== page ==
Hvorslev Surface

The normalised plot is shown in Fig. 13.13. Overconsolidated clays

We have established that the stress paths of normally consolidated clays lie on the Roscoe surface and, in order to complete the picture, we must determine whether the stress paths of overconsolidated clays also lie on this surface or whether they have a unique surface of their own.

Fig. 13.13 Example 13.3.

Figure 13.14 shows a series of normalised stress paths of undrained shear obtained from tests carried out on overconsolidated clays. As expected, with Rp = 1.0 the stress path lies on the Roscoe surface (as the soil is normally consolidated). For lightly overconsolidated clays, i.e. for Rp values up to about 2.5, the stress paths rise upwards, more or less vertically in the initial loading stage, towards the Roscoe surface but, before reaching it, they bend slightly and gradually make their ways to the critical state line where failure occurs.

The stress paths for the more heavily overconsolidated clays initially rise up more or less vertically and then incline inwards during the final loading stages to become tangential to a common straight line as they make their way towards the critical state line. This straight line is a boundary known as the Hvorslev surface.

13.9 The overall state boundary

The Roscoe surface has the property that any stress state outside it cannot exist in a soil. It is a boundary between possible stress states and impossible

Fig. 13.14 Undrained stress paths of overconsolidated clay.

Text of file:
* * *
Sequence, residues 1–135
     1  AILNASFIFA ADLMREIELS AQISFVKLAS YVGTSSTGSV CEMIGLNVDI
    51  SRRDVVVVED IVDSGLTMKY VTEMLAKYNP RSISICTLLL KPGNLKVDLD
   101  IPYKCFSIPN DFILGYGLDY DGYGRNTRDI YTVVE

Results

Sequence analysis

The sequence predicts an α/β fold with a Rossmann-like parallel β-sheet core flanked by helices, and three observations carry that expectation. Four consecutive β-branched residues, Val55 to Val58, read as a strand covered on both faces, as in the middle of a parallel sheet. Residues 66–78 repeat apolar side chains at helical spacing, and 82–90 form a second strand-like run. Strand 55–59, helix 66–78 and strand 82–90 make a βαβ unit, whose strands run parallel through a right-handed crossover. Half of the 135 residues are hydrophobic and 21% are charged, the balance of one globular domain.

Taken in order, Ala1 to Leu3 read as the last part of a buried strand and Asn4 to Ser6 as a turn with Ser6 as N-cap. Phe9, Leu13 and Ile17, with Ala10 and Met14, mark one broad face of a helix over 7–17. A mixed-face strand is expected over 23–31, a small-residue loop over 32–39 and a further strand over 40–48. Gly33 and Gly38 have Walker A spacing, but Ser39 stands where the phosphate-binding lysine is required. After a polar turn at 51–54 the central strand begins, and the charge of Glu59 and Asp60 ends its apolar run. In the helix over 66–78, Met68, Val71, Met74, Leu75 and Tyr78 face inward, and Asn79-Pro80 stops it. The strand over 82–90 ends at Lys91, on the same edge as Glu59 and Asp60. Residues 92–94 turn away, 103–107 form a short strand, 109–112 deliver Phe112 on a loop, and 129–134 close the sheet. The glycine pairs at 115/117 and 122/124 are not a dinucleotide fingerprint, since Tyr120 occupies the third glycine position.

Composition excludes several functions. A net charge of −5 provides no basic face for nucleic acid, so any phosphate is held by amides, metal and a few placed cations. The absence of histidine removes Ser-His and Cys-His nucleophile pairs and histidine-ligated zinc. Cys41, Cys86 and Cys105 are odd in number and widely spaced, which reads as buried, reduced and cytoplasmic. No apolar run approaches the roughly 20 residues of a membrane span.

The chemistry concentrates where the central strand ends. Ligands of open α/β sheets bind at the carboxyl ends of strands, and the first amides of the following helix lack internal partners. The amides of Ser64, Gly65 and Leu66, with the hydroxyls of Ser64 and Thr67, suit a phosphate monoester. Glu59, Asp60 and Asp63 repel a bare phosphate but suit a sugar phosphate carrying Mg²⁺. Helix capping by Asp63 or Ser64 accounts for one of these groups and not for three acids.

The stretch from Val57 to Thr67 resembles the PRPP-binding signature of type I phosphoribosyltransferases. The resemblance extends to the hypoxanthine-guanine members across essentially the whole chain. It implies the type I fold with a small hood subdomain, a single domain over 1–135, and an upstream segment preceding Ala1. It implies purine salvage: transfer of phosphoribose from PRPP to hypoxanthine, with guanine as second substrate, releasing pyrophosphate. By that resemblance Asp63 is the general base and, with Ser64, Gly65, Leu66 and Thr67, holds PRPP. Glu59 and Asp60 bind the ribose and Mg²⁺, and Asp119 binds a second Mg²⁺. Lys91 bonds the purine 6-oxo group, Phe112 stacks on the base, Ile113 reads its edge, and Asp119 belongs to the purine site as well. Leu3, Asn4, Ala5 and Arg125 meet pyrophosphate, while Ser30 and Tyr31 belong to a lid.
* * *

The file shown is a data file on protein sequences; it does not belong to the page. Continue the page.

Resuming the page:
stress states and is therefore usually referred to as a state boundary. The Hvorslev surface is a similar state boundary and links up with the Roscoe surface at the critical state line (point B in Fig. 13.15). The Hvorslev surface cannot extend to the q/p£ axis because of the line of no tension, OC, which rises from the origin at a slope of 1:3.

Note If we assume that soil cannot carry tension then tension failure must occur if ever a'a is less than o\. Now the lowest possible value of q is 0 which means that the tension failure boundary must pass through the origin. The highest possible value for q will occur when a'T = 0 and q therefore equals <r'a. At this stage p' = cra/3 which means that q/p' = 3.

Hence, if we select some value for p'/p'e, say x, then = p'/x and q/Pe = 3x. The unified plot of the complete state boundary, in q/Pe-p'/Pe space is shown in Fig. 13.15a and in p'-q-v space in Fig. 13.15b.

Wet and dry regions

If we examine Fig. 13.15 we see that the state boundary surface for normally consolidated soils is further from the origin than the critical state line. In this region, any soil travelling along a drained stress path from A to B suffers a gradual reduction in specific volume, meaning that the water content at the end of the test must be less than it was immediately before the shearing stage. We can say therefore that soils in this region, when subjected to drained shear, have an initial state that is wetter than the critical state.

Heavily overconsolidated clays have initial consolidation points A on the other side of the critical state line and if these soils are subjected to drained shear they will expand as they approach failure conditions with a corresponding increase in water content. Such soils have an initial state that is drier than the critical state.

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